Education And Debate

WHO in retreat: is it losing its influence?

BMJ 1994; 309 doi: https://doi.org/10.1136/bmj.309.6967.1491 (Published 03 December 1994) Cite this as: BMJ 1994;309:1491
  1. Fiona Godlee, assistant editora
  1. a British Medical Journal, London WC1H 9JR
  1. Correspondence to: Department of Ambulatory Care and Prevention, Harvard Medical School, 126 Brookline Avenue, Boston, MA 02215, USA.

    WHO says it has three main functions: to set normative standards; to provide technical advice and assistance on medical matters; and to advocate changes in health policy. During its 46 year history the first two functions have been a constant and uncontroversial backbone through which WHO has earned its reputation for scientific excellence. The third function, advocacy, came to the fore with the launch of Health for All in 1977, after which WHO took a key role in influencing international health policy. WHO's friends and critics alike now say that the organisation is losing its influence and retreating into its technical and biomedical shell. This article maps the changes in WHO's approach over the past 46 years and considers whether fears about its loss of influence are justified.

    This is the second in a series examining the role of the World Health Organisation, its current problems, and its future prospects

    WHO's first 25 years were, as Dr Gill Walt of the London School of Hygiene and Tropical Medicine describes, characterised by caution and stability.1 Between 1948 and 1973 the organisation had only two directors general, and its technical role as a specialist agency for health spared it the political conflicts that were wracking the rest of the United Nations. Dominated by doctors, WHO took an approach to health that was largely disease oriented, and it studiously avoided political or cultural controversy. In 1952 it decided not to undertake a population programme because of the religious and political implications. Fifteen years later, when concern over population growth was heightening, WHO softened this decision, saying that it would give technical advice on family planning but only on request from member states.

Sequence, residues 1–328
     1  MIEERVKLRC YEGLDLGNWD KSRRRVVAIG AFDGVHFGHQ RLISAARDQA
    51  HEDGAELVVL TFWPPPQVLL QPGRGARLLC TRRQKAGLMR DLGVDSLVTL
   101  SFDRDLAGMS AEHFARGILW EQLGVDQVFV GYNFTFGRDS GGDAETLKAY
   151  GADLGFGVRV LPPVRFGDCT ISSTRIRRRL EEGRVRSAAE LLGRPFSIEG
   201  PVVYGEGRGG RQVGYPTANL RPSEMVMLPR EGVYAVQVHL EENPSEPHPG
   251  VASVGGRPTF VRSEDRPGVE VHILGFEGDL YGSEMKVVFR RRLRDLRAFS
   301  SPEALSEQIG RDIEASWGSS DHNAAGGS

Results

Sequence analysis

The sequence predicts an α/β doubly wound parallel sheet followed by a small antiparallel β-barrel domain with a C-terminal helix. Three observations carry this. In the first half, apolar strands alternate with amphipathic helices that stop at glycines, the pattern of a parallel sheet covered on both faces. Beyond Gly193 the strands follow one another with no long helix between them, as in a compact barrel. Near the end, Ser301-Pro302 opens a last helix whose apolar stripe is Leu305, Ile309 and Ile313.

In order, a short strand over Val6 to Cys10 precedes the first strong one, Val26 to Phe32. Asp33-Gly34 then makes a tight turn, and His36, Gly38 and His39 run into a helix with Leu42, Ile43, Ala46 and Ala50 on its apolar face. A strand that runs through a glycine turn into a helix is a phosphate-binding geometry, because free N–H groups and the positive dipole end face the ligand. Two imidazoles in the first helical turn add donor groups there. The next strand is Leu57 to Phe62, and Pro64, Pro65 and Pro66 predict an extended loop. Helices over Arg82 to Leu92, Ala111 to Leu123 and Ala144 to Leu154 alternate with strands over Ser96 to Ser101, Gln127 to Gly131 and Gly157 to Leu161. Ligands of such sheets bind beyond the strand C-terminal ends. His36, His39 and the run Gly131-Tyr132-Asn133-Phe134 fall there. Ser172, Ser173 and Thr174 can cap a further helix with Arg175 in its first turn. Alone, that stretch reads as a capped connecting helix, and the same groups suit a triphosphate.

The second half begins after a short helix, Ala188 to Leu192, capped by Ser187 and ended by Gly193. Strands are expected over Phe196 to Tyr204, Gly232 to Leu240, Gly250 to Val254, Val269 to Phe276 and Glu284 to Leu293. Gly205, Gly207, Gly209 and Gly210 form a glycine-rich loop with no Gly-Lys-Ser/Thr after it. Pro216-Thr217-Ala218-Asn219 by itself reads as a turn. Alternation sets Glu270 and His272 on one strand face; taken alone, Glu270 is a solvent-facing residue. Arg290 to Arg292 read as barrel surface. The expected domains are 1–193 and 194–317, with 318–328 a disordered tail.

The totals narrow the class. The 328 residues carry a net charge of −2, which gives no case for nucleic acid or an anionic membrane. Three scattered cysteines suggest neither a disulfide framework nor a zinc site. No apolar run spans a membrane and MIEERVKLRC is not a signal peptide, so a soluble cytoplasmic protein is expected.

From technical consensus to political controversy

    WHO's policy of sticking to uncontroversial medical matters was reaffirmed in the late 1960s. By this time the organisation's membership …

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